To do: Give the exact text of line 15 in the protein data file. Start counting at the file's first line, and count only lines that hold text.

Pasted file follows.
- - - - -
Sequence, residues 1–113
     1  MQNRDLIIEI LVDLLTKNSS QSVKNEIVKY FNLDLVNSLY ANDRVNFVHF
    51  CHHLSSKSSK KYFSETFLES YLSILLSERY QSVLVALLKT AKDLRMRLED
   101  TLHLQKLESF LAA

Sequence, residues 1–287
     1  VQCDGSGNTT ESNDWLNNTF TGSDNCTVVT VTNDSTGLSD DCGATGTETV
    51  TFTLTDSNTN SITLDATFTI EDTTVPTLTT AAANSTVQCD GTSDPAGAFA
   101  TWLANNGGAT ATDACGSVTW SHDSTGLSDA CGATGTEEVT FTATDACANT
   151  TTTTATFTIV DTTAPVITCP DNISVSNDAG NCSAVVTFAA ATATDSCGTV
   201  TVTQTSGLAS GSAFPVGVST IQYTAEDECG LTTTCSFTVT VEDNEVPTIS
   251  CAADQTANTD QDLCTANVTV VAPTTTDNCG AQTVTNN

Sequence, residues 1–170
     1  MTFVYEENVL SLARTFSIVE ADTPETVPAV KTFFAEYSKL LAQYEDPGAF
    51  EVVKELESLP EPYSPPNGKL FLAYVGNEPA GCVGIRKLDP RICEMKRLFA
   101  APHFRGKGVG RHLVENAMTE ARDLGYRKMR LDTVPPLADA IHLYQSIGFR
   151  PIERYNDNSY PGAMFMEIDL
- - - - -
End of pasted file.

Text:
   101  APHFRGKGVG RHLVENAMTE ARDLGYRKMR LDTVPPLADA IHLYQSIGFR